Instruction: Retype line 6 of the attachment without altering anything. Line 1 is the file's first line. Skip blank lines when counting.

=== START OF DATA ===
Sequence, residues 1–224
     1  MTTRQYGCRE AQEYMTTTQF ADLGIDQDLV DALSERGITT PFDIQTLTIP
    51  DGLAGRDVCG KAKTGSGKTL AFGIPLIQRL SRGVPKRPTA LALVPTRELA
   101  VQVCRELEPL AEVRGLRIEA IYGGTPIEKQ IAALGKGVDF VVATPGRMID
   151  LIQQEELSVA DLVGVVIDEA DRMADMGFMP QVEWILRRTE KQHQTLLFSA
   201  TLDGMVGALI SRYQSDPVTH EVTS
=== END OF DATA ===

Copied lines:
   201  TLDGMVGALI SRYQSDPVTH EVTS